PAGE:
If This Oil Spill Isn't Cleaned Up, Endangered Sea Turtles Will Get a Crude Awakening

Critically endangered Kemp's ridley sea turtles are expected to lay eggs on Texas’ Matagorda Island, parts of which are covered by as much as a foot of spilled crude oil.

(Photo: Reuters)

Apr 9, 2014· 1 MIN READ
John R. Platt covers the environment, wildlife, and technology and for TakePart, Scientific American, Audubon, and other publications.

A bale of critically endangered Kemp's ridley sea turtles is swimming through the Gulf of Mexico to nesting sites in Texas, unaware of the danger it may find when it reaches its destination.

The turtles are expected to land—and hopefully lay eggs—on Matagorda Island, off the coast of Texas, in the next two to three weeks. Thing is, Matagorda is a disaster site.

Crews there have been working around the clock to remove hundreds of thousands of gallons of oil that washed up on the island after a March 22 oil spill in Galveston Bay. That spill, caused when a barge carrying nearly a million gallons of oil struck another ship, released an estimated 170,000 gallons of crude into the bay and surrounding waters.

As of April 8, workers on Matagorda Island had removed 10 tons of oil-contaminated soil and debris, according to a report from Houston-based KHOU. In some places on the 24-mile beach, the oil was measured to be nearly a foot thick. The U.S. Fish and Wildlife Service told the Victoria Advocate that more than 110 dead, oiled animals had already been found on and around the island, including 11 dolphins and sea turtles from 19 other species.

Although Matagorda Island is not the primary nesting site for Kemp's ridley turtles—that would be Rancho Nuevo, Mexico, where almost all of the turtles lay their eggs—it is still an important site for the species. Cleaning up the island is especially critical because Kemp’s ridley turtles nearly became extinct in the 1970s owing to the animals being caught in shrimp trawling nets. Conservationists don’t know for sure the present-day total wild population of Kemp’s ridleys, but there are an estimated 7,000 to 9,000 breeding females.

"Part of the long-term recovery program for Kemp's ridley sea turtles involves promoting and trying to foster the establishment of other nesting sites for the species, particularly in Texas," says David Godfrey, executive director of the Sea Turtle Conservancy. "Over the years, as the nesting population has gradually begun to recover in Mexico, you've begun to see a number of turtles start to nest on other beaches. This gives the species a chance to take root at other nesting beaches so they're not vulnerable to having, literally, all of their eggs in one basket."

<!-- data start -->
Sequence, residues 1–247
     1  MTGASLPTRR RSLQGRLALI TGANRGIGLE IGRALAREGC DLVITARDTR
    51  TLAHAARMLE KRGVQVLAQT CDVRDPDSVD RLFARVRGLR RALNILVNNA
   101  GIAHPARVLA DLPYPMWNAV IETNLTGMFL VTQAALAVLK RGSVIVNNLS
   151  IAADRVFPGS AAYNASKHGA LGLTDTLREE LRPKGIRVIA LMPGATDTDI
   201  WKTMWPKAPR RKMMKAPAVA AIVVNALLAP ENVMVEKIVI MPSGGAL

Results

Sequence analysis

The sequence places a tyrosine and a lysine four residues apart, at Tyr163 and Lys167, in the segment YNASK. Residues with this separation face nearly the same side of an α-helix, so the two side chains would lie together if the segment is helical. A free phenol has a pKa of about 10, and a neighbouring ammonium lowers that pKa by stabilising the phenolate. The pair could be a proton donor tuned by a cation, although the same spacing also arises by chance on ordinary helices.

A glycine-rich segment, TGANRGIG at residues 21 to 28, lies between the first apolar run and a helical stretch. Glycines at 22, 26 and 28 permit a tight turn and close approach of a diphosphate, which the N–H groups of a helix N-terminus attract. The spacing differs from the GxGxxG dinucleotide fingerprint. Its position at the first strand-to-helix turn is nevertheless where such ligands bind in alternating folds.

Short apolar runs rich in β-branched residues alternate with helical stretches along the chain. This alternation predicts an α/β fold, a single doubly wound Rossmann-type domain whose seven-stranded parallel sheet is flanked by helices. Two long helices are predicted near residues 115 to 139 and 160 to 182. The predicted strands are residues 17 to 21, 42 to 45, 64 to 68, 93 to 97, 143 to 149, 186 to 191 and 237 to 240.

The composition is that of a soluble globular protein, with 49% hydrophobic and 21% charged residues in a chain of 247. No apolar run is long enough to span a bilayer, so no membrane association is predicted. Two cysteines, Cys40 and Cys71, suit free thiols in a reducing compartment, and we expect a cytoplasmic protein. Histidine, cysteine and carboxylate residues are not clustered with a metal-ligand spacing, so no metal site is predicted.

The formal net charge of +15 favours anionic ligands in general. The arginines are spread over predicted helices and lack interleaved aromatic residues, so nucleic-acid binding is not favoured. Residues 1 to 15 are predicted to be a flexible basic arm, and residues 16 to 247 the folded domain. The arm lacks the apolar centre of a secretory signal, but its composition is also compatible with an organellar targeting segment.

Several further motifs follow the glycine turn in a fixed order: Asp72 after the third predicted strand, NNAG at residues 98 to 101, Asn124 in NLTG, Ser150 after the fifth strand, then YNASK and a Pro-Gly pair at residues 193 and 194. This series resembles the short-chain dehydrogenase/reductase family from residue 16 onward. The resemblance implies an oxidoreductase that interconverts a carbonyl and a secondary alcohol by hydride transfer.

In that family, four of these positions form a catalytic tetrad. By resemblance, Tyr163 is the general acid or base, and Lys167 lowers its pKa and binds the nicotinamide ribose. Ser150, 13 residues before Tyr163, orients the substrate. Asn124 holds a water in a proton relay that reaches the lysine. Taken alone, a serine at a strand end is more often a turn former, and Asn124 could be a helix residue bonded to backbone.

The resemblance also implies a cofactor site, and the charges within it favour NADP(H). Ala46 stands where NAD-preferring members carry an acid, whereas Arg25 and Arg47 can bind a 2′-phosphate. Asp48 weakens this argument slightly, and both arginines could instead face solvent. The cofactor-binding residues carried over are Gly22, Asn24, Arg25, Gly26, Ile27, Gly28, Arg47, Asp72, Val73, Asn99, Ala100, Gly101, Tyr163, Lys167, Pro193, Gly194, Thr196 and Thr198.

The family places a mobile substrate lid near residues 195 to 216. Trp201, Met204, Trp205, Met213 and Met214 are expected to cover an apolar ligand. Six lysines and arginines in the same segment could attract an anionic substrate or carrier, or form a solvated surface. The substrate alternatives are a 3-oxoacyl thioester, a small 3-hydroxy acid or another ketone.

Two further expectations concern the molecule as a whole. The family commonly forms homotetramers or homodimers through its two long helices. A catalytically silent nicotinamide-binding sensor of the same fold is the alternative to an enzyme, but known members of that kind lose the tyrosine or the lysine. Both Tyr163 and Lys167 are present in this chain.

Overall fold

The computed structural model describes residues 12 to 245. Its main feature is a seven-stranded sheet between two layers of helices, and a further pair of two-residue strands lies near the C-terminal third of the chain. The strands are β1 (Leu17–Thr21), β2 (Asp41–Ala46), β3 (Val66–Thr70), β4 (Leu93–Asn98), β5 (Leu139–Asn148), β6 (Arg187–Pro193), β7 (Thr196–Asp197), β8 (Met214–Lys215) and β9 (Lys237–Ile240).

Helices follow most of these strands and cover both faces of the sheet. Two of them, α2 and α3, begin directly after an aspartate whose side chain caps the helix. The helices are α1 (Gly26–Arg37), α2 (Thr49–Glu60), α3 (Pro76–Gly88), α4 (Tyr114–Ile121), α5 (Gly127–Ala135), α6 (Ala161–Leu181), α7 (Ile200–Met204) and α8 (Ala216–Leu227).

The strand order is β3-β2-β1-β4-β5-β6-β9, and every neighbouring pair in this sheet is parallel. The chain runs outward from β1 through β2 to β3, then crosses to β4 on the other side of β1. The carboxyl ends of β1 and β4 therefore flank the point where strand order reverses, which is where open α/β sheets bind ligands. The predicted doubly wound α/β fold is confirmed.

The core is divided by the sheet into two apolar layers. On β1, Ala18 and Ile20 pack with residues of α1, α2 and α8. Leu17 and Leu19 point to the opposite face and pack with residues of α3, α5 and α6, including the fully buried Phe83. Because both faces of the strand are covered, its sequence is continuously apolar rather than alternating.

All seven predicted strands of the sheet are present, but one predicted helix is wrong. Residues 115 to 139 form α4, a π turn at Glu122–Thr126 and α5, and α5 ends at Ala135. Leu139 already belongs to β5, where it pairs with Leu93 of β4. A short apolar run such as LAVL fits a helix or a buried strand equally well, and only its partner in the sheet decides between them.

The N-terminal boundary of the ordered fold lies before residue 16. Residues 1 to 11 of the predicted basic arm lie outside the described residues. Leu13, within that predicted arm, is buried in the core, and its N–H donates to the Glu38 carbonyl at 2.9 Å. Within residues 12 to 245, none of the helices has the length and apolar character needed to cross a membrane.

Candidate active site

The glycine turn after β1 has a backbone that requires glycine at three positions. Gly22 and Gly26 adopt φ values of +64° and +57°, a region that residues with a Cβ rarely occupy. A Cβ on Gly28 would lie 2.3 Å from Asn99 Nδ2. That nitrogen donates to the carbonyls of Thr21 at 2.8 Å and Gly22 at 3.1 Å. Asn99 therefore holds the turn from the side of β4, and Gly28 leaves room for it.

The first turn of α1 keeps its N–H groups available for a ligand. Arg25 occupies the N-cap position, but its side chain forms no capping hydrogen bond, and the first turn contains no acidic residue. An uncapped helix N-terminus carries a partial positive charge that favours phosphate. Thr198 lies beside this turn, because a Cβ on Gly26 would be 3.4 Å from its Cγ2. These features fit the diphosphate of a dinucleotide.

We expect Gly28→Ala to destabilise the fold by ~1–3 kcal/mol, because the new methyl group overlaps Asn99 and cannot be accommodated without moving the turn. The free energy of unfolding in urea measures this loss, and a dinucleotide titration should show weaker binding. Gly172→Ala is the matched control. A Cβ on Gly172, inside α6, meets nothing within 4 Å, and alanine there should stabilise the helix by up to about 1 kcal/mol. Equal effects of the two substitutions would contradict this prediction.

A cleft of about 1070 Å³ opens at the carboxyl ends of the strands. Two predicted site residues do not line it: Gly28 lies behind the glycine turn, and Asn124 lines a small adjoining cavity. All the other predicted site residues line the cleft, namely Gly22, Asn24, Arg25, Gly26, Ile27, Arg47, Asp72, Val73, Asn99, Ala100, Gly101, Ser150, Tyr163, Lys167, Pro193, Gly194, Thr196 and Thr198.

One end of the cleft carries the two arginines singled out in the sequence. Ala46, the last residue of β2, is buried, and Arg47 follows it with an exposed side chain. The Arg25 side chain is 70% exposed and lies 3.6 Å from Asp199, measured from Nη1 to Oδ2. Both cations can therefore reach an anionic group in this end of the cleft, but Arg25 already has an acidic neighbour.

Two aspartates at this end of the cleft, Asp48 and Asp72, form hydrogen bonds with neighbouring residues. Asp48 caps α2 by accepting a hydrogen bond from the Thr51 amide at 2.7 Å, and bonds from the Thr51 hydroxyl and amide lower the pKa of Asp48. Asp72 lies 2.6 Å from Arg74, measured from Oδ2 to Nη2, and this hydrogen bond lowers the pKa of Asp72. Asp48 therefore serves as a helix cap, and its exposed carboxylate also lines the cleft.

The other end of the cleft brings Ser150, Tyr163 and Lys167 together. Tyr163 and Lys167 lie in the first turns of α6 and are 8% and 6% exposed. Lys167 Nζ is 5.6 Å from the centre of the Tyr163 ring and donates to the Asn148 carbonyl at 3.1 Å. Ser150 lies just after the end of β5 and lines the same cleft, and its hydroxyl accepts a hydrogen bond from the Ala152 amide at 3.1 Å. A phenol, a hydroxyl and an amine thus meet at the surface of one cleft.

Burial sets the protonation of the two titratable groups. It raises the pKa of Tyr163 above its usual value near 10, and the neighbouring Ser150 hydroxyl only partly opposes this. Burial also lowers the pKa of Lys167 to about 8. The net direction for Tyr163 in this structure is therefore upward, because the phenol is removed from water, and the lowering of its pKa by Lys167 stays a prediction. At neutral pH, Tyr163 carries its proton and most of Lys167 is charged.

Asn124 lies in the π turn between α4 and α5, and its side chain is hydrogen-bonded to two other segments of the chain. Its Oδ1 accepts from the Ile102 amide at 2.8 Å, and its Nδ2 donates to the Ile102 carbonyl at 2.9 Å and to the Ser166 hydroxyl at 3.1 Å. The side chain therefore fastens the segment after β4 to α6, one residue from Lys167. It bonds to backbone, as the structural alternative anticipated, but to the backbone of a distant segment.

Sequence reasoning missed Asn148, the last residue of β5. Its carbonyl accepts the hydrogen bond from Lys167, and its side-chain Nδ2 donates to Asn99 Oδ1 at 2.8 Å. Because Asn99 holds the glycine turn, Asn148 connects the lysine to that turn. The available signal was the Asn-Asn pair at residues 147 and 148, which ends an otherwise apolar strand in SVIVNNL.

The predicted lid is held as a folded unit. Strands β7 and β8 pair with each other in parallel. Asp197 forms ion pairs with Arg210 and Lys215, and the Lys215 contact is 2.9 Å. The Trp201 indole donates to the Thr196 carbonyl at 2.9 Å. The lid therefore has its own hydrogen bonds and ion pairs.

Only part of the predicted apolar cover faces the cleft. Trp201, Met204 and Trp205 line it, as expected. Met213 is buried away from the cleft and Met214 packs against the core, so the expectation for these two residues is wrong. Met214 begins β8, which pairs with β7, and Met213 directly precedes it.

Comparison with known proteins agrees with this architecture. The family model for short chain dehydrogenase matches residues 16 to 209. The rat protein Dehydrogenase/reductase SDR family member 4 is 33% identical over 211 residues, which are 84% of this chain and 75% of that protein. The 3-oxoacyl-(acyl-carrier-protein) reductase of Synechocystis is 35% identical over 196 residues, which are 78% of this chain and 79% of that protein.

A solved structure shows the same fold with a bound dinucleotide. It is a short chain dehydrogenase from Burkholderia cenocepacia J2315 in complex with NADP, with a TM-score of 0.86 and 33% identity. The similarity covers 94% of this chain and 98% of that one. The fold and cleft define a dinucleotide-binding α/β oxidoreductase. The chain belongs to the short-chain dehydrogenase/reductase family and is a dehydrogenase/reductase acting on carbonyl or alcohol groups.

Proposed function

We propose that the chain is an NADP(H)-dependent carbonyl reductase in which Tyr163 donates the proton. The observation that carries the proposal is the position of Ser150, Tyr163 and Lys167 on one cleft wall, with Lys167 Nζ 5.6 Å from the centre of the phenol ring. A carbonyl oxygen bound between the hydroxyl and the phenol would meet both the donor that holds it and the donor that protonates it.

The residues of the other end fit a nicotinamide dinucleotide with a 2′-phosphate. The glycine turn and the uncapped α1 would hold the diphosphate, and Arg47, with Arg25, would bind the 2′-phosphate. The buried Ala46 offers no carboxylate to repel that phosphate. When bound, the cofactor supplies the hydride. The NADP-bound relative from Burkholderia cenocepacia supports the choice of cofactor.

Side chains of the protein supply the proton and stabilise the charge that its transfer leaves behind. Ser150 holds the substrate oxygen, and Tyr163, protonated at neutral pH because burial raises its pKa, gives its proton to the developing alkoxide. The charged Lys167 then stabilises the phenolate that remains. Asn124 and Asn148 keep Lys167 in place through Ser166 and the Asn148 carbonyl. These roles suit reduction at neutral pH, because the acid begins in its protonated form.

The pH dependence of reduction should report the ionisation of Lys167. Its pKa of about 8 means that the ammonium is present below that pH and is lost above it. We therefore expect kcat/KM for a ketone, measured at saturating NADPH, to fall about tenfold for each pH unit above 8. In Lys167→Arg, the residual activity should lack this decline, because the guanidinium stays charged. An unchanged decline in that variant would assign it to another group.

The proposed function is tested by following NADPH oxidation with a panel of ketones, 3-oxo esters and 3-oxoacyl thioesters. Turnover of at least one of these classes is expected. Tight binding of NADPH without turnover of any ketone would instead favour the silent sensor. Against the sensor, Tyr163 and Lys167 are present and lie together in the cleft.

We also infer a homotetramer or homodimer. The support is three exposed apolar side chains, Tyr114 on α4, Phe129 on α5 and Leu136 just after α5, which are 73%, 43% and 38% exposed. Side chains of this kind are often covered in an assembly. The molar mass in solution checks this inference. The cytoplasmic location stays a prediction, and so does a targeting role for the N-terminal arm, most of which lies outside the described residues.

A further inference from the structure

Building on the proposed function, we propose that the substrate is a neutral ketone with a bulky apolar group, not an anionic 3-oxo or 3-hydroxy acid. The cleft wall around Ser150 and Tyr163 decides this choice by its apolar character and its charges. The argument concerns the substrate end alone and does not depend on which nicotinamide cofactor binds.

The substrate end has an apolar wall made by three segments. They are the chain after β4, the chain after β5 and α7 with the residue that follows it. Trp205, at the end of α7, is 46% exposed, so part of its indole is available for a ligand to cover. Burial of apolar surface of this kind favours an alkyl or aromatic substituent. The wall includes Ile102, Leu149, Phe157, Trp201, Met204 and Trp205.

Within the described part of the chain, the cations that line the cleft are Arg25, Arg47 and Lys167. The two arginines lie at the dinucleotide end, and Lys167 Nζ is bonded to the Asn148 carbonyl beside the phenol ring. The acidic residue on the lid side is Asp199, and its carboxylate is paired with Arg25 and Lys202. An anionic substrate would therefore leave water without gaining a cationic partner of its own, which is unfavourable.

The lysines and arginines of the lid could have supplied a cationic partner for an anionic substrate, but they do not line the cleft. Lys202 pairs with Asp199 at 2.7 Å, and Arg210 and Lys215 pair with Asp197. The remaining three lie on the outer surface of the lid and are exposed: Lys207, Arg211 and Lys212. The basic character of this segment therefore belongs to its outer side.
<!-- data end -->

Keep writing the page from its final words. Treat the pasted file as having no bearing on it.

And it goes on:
Oil could pose a big threat to the sea turtles, either by entrapping the reptiles, poisoning them, or coating their soft underbodies and affecting their ability to swim and breed. Even if most of the oil is cleaned up in the next few weeks, additional threats could linger, Godfrey says. The sea turtles forage year-round on the coast, where their diet of shrimp, crabs, and other crustaceans could carry toxins from the oil. "The toxicity bio-accumulates within species that are higher up the food chain, such as sea turtles," he says.

Tar balls also tend to persist in floating mats of sargassum, which hatchlings use as safe habitats. "Researchers studying hatchlings and year-old turtles in that kind of habitat where there have been spills find lots of tar within their mouths," Godfrey says. "They're likely eating the stuff, maybe even far away from where the spill occurred. That's true of all the little spills that are constantly happening all along the coast."